Secondary teacher - Science and maths
Stacey is the kind of teacher we all wish for. She's enthusiastic about the science she teaches, cares about her students, and spends her spare time running the school's drama group. Find out more:
Job description: Teaches biology, mathematics and general science to secondary students; produces the school play; coordinates the school's entry in the Rock Eisteddfod competition.
Subjects studied: Biology, Chemistry, Mathematics (2 units) and English.
Further training: Stacey has a Bachelor of Science and Bachelor of Education from Monash University (4 years).
Salary: $45,000 a year.
Despite her parents' advice, Stacey has just completed her first year on the job as a secondary school science teacher. "Both of my parents are teachers and they were always telling me not to become one," she says with a laugh.
But she does agree with her parents that there is a downside to her work: "There's a lot of extra hours spent at home planning lessons and correcting work. And you can forget about being a millionaire." Still, she doesn't regret the years spent studying for a combined Bachelor of Science and Bachelor of Education degree from Monash University.
"As a teacher you can really make a difference to people's lives. It's great to see the expression on the students' faces when they accomplish something, to have them come to you for help, or even just say hello to you in the hall."
'Fantastic science teachers' were a major influence in Stacey's career choice. She says she'll be happy if she can be a little like them in her own approach.
Rock Eisteddfod: But life at school extends well beyond teaching mathematics and science. After formal classes, Stacey becomes the producer of the school play and coordinator of Northcote High's entry in the Rock Eisteddfod Challenge - a competition in which teams from secondary schools all over Australia put on an eight-minute performance set to popular music.
Being a school teacher has given Stacey the opportunity to be involved in her three main interests-science, dance and drama-and to pass her enthusiasm on to the next generation.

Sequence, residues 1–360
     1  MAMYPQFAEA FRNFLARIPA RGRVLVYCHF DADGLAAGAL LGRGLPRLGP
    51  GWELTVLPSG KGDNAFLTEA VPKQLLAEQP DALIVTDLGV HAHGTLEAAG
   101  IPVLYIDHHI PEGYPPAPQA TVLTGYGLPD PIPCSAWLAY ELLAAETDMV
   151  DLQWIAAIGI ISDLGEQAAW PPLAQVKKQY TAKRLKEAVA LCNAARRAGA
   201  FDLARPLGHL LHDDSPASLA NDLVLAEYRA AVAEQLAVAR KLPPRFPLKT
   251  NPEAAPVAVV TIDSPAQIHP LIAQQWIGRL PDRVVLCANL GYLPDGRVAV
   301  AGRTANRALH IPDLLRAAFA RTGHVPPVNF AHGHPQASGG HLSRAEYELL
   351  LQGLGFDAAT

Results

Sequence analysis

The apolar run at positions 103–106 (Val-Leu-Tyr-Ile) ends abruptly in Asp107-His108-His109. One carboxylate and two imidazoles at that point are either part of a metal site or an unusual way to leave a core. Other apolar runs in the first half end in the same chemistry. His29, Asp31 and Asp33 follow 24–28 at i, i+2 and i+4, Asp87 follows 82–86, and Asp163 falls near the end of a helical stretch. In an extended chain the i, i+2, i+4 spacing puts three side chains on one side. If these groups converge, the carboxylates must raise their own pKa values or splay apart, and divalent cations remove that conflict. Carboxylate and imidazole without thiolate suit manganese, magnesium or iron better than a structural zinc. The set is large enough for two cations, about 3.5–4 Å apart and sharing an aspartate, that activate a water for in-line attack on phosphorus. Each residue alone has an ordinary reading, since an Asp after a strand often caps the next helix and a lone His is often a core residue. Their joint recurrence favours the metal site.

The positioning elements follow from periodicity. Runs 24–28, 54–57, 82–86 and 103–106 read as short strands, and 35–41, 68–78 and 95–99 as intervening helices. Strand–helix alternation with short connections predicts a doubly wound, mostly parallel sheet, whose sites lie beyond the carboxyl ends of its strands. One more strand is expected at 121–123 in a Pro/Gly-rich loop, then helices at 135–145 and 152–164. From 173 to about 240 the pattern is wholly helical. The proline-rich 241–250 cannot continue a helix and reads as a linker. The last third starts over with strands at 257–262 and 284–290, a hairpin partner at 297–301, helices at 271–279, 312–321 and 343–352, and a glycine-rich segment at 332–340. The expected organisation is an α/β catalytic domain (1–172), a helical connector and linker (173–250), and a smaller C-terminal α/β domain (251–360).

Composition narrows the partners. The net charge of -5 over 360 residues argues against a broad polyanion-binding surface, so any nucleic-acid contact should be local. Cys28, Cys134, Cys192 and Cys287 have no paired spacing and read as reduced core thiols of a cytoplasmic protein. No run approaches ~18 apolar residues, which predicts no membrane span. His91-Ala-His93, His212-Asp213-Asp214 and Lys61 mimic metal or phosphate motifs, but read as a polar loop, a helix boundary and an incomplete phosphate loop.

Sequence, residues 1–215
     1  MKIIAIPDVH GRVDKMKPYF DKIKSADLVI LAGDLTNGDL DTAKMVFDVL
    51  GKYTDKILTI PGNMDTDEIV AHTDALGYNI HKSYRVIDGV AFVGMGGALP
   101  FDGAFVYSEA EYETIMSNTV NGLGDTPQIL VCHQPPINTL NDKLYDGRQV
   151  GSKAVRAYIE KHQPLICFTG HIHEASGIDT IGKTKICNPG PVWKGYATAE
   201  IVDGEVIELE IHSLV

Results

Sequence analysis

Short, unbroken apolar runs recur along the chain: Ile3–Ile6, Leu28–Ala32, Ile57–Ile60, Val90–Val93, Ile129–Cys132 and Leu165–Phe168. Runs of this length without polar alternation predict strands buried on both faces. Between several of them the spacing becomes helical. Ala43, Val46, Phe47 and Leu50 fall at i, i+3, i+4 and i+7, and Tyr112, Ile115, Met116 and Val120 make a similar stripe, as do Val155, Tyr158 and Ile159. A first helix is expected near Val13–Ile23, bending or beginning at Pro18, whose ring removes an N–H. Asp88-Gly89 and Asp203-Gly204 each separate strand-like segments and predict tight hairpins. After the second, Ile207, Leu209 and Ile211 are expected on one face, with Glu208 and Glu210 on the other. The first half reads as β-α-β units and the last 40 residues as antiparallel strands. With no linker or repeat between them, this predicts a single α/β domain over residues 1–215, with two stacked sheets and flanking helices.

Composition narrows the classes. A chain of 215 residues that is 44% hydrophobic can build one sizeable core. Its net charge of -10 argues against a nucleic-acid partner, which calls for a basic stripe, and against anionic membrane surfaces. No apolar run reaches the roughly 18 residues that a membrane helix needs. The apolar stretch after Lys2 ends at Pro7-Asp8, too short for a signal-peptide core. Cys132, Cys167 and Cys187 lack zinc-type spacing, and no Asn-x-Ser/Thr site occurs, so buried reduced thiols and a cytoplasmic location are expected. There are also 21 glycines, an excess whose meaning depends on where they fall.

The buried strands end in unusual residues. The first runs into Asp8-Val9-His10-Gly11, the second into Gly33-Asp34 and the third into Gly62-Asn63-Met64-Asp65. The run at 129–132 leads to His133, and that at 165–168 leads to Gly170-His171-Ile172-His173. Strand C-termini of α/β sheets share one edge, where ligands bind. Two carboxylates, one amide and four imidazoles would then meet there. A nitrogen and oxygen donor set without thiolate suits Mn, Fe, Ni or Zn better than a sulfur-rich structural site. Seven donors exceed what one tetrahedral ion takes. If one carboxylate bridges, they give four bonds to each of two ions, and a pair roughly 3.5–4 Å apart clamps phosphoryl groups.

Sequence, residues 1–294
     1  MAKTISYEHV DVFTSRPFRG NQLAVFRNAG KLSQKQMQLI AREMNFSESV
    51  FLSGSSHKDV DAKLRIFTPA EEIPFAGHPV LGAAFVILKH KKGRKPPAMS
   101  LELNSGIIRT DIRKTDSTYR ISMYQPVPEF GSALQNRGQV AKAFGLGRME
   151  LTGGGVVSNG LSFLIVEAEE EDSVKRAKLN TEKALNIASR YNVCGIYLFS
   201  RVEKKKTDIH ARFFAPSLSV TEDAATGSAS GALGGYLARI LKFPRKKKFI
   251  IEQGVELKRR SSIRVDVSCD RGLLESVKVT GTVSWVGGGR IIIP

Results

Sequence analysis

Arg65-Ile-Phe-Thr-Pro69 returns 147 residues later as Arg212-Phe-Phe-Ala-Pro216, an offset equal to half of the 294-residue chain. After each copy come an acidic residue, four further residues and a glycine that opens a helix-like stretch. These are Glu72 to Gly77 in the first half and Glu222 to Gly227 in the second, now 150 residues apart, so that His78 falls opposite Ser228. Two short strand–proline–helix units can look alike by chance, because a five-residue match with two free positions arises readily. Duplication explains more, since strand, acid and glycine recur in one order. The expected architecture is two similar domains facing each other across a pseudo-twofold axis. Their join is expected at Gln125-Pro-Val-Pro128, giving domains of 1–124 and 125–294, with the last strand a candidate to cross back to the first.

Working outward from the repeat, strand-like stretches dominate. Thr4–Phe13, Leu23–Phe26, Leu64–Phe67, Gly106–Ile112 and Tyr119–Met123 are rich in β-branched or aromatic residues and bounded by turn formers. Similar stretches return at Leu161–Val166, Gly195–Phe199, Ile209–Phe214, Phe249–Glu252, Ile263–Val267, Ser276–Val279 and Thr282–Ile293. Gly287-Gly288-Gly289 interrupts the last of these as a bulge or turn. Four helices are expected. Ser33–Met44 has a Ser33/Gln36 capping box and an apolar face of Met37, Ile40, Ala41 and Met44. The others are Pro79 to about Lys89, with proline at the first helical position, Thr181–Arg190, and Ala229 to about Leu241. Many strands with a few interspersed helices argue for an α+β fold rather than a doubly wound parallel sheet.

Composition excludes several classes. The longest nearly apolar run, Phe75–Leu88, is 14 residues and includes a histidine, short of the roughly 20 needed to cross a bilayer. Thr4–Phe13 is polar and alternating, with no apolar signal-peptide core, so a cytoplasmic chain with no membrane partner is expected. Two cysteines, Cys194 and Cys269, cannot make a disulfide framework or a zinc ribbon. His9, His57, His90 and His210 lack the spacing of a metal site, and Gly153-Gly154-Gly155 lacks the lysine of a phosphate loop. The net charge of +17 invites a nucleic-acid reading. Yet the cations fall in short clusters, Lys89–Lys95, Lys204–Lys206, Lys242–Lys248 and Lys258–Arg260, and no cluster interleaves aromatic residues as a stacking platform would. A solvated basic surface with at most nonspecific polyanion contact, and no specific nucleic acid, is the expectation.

Secondary school teachers teach one or more subjects within the school curriculum to secondary students.
Subjects include English, mathematics, science, art, health and physical education, technology, languages other than English, studies of society and environment, and home economics.
A secondary school teacher may perform the following tasks:
- prepare daily lessons and long-term teaching programs in accordance with state or territory system guidelines
- teach using a variety of methods including formal lessons, discussions, practical activities, experiments, projects, assignments and excursions, taking into account the differences in individual students
- use information technology to assist in lesson preparation, teaching and reporting
- set tests and exams, projects, assignments and homework, mark and correct these, and collate the results
- evaluate and report on the progress of their students, and discuss individual performance and problems with students and parents
- establish and maintain good working habits and discipline in classrooms and throughout the school
- supervise extra classes when other teachers are absent
- supervise students in the yard during lunchtime and other breaks
- carry out relevant administrative duties
- attend staff meetings, educational conferences and other professional development activities
- coordinate work experience and school-industry programs
- participate in other activities in partnership with parents and the school community, including parent-teacher nights, school council and other committees
- assist in organising sporting events, camping trips and other excursions
- be involved in distance education, i.e. teaching using radio and television transmission, correspondence, audiovisual and other multimedia resources
- coordinate administrative support programs and the work of non-teaching staff in schools
- keep in touch and 'network' with other teachers
- contribute to revising curriculum and school organisation to reflect student needs and national, state and territory initiatives.
- enthusiasm for, and ability in, their chosen subject area and teaching
- high-level organisational skills
- able to communicate concepts and instructions clearly
- enjoy working with teenage children
- patient in dealing with students of differing abilities and from different cultures
- acceptance of the rights and needs of all individuals
- prepared to work out of school hours.
Find out more about a career in teaching:
Department of Education and Training
Workforce Planning Unit, GPO Box 4367 Melbourne, VIC 3001
Tel: (03) 9637 2459
Find out more about this career path at myfuture.edu.au (new window) (Note: free registration is required to access the myfuture site).